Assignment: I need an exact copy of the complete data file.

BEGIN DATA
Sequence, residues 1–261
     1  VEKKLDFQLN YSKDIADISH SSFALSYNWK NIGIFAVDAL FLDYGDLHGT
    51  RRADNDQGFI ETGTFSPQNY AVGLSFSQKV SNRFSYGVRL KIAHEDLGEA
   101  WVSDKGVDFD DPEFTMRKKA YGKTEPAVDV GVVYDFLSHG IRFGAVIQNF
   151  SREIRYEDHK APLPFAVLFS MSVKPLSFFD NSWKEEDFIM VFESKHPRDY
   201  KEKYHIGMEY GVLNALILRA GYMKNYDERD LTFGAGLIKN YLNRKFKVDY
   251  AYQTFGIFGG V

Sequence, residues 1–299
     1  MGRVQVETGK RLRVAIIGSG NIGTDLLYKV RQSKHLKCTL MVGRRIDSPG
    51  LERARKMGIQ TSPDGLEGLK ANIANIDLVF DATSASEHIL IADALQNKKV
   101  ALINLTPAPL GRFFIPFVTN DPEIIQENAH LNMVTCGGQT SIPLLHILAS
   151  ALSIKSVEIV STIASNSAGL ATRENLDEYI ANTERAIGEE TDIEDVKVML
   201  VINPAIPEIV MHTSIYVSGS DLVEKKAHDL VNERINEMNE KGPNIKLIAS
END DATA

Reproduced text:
Sequence, residues 1–261
     1  VEKKLDFQLN YSKDIADISH SSFALSYNWK NIGIFAVDAL FLDYGDLHGT
    51  RRADNDQGFI ETGTFSPQNY AVGLSFSQKV SNRFSYGVRL KIAHEDLGEA
   101  WVSDKGVDFD DPEFTMRKKA YGKTEPAVDV GVVYDFLSHG IRFGAVIQNF
   151  SREIRYEDHK APLPFAVLFS MSVKPLSFFD NSWKEEDFIM VFESKHPRDY
   201  KEKYHIGMEY GVLNALILRA GYMKNYDERD LTFGAGLIKN YLNRKFKVDY
   251  AYQTFGIFGG V

Sequence, residues 1–299
     1  MGRVQVETGK RLRVAIIGSG NIGTDLLYKV RQSKHLKCTL MVGRRIDSPG
    51  LERARKMGIQ TSPDGLEGLK ANIANIDLVF DATSASEHIL IADALQNKKV
   101  ALINLTPAPL GRFFIPFVTN DPEIIQENAH LNMVTCGGQT SIPLLHILAS
   151  ALSIKSVEIV STIASNSAGL ATRENLDEYI ANTERAIGEE TDIEDVKVML
   201  VINPAIPEIV MHTSIYVSGS DLVEKKAHDL VNERINEMNE KGPNIKLIAS